economy or the logic of modernity. Moreover, it does not change the obsessive research for profit which leads to the reduction of the social to mere accountable data. Abetted by a futurist, technophile mentality, man believes himself able to solve those problems that the technology previously created. Under the “pressure” of public opinion it is possible to deal with these problems. We need to recognise, however, that parliamentary democracy with its short-term elective mandate, does not favour the taking into account of long periods regarding future generations. We must ask ourselves: “Will politics be able, in the future, to express its role in counter-balancing the power of the trans-national corporations in tomorrow’s globalised system?” During the Rio Summit in 1992, the United Nations Organisation wrote that it was necessary to control the environment through “rational and sound ecological techniques”, an expression that is found in the works of many experts. The disclosure of an internal note written by an eminent World Bank expert, Lawrence Summers, in 1992, is a premonitory example.12 This distinguished economist, who has received the award for the best American economist and narrowly missed becoming Director of the World Bank, wants polluting factories reallocated to underdeveloped countries, and ultimately supports this reasoning with a rational calculation. The costs of cleaning up our mess are lower in Southern countries because of lower wages there. Likewise, the pollution costs are lower in the South because of the low level of pollution. “I have always thought that underpopulated African countries,” Summers writes, “are largely under-polluted: the quality of air is at a level uselessly elevated in comparison of Los Angeles and Mexico City.” In the case of a catastrophe, the price of a human life—calculated by economic indexes in terms of life expectation and wage rate—is clearly lower than in the North. The life of an Englishman is worth more than 100 Indians. In addition, the demand for a clean environment increases together with life expectancy: “We are obviously worried with the infinitesimal increase of factors causing prostate cancer risk in a country where people live long enough to be taken ill, compared with a country where 200 out of 1,000 children die before the age of 5.” The massive export of pollution toward the South will stimulate its development.13 The argument is in fact indisputable: it is better to die of pollution than to die of hunger. When you have to rationalise the ecology it is necessarily the logic of economy that ultimately imposes its law.14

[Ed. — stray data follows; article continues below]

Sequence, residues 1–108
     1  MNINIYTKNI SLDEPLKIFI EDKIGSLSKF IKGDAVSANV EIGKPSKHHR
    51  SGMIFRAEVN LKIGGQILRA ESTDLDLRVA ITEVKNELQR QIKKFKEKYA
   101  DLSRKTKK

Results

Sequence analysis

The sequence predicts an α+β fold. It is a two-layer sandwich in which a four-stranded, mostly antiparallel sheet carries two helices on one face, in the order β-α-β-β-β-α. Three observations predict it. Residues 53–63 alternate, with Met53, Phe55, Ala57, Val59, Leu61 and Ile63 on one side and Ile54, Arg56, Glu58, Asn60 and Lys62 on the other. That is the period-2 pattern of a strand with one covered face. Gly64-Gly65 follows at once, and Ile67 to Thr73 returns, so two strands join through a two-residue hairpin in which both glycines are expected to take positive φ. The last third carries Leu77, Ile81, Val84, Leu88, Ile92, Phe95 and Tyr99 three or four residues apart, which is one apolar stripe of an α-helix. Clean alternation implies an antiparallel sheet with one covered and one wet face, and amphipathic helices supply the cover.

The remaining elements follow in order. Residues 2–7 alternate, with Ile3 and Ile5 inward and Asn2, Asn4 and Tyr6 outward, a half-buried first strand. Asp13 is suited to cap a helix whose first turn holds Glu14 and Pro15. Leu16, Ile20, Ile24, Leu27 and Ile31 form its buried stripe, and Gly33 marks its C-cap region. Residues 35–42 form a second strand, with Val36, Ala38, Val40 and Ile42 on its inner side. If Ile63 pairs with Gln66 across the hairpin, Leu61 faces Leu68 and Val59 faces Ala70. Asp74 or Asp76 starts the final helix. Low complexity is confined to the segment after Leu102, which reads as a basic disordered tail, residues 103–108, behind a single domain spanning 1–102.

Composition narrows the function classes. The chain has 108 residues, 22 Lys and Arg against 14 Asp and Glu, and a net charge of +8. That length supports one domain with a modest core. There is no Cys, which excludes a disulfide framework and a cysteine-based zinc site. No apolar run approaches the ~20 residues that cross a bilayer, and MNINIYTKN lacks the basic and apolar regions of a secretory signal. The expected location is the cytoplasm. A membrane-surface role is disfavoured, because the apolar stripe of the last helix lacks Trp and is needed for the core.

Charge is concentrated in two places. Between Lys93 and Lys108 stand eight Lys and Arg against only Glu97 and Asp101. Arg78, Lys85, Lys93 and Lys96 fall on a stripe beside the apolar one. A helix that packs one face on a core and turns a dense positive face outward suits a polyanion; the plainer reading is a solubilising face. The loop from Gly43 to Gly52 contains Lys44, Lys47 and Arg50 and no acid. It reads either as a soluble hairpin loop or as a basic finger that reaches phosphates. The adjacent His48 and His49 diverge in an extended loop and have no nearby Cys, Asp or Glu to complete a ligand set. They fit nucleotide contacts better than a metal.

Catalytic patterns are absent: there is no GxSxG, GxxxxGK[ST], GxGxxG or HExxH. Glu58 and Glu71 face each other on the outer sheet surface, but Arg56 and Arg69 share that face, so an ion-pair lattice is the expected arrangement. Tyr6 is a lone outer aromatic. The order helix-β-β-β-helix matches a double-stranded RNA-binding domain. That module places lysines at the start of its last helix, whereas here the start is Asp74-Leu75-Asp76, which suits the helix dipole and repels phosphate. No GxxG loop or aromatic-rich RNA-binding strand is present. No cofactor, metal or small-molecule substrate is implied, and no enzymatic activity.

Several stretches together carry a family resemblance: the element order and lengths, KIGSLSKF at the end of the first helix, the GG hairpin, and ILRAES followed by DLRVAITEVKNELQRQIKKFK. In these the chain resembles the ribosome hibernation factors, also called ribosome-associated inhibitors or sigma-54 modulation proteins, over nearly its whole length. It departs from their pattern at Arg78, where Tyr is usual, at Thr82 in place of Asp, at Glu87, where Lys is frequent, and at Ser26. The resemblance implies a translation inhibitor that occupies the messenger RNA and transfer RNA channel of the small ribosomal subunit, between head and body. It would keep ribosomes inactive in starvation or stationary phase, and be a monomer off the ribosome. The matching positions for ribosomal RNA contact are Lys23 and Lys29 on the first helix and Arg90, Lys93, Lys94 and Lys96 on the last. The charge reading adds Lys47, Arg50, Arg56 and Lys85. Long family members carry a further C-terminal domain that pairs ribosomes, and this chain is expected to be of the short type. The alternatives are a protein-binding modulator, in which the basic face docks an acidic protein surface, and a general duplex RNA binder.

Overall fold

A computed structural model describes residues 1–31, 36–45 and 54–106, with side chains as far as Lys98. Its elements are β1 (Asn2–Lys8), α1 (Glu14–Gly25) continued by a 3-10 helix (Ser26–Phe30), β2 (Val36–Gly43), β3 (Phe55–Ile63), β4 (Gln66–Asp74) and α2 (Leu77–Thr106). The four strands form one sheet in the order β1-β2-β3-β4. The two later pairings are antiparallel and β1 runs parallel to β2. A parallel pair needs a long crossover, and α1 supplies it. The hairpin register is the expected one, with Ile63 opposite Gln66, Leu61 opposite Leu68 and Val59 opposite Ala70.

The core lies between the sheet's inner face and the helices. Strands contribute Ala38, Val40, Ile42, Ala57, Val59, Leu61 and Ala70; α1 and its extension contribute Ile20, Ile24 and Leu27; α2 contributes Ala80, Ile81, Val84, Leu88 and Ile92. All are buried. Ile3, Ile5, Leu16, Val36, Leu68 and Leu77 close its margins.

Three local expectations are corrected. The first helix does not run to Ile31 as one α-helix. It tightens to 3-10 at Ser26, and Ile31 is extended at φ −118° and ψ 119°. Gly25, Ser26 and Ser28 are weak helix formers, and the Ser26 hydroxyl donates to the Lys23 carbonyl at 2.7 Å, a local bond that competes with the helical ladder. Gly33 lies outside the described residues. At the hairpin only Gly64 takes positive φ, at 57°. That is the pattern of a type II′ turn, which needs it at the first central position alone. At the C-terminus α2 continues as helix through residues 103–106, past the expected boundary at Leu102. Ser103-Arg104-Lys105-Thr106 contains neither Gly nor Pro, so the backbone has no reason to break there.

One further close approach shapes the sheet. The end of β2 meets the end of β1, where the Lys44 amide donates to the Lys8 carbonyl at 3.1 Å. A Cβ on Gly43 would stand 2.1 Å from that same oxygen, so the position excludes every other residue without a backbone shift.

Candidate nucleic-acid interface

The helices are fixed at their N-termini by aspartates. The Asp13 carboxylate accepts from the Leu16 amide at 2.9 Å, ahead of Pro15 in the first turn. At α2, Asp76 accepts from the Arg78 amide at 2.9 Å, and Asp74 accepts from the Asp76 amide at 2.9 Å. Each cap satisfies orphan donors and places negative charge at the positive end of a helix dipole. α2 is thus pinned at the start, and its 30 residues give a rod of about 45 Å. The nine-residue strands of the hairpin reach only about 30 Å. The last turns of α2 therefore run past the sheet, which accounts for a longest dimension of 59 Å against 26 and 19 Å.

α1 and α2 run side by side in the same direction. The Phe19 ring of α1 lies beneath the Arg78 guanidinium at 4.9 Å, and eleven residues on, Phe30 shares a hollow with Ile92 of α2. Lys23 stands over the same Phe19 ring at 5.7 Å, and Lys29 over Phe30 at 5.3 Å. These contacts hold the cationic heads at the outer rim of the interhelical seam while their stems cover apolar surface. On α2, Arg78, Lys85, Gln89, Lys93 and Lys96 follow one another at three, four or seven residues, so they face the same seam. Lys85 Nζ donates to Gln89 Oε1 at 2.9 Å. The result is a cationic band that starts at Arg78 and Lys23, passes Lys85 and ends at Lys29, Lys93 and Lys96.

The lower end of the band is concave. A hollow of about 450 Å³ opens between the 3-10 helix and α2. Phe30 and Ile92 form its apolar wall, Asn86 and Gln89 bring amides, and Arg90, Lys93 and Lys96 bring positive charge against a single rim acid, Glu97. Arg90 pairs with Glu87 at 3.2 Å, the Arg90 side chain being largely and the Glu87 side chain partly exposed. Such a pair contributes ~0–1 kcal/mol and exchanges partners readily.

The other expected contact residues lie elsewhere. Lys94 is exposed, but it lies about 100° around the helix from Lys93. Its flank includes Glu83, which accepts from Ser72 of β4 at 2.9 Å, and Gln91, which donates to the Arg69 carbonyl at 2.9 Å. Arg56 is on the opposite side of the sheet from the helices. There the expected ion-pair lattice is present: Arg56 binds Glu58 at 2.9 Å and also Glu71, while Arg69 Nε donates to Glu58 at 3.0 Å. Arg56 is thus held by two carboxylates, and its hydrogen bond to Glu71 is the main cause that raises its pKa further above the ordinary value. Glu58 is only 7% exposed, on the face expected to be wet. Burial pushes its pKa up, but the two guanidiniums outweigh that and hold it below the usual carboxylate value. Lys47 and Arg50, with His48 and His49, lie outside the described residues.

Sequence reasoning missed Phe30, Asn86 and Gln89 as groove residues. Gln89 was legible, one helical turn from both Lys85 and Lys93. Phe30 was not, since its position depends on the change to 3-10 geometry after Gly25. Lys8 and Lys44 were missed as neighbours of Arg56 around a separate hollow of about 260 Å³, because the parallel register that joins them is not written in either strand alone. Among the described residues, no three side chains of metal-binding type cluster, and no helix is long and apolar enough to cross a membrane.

12

Courier international n. 68, “Dernière trouvaille de la Banque Mondiale: polluer les pays pauvres”, 1992. See also, Michael Prowse, in Financial Times, December 1992. 13 Yet in 1992, the export estimate of toxic waste of the last 5 years was of 10 million tons. The American government shows the example. It has, in fact, allowed the companies with a great environmental impact, favourable concession, to overseas delocalisation of greater polluting productive unites, in this way it is possible to save the otherwise necessary investments. This possibility has been used by Motorola, General Instruments, Texas Instruments, Westinghouse, Cincinnati Electric. See Jean Masini and Neyereth Pourdanay, “L’apparition de economies en transition: exemplarité nouvelle pour les maquilladoras mexicaines” Mondes en développement, vol. 2, no. 84, 1983. 14 As Shiv Vivanathan says: “In the Brundland report, ecology is only seen as research for managerial efficiency.” In “Mrs. Brudland’s disenchanted Cosmos”, Alternatives, n. 16, 1991, p. 381.

Conclusion Sustainable development (or “durable” as we call it in France) is an oxymoron. It is a contradiction in terms and, in fact, appears as a terrifying or miserable word. At least with “un-sustainable” (non-durable) development, we could maintain the hope that this lethal process would have had an end. We could hope that one day it would be stopped, a victim of its own contradictions, of its failures, due to its unsustainable character, or from the exhaustion of the natural resources. We could reflect on “after-development” and work for a less desperate and damaged conclusion by putting together an acceptable postmodernity. This oxymoron of sustainable development takes away from us any perspective of hope. It promises us development for, and even as, an eternity!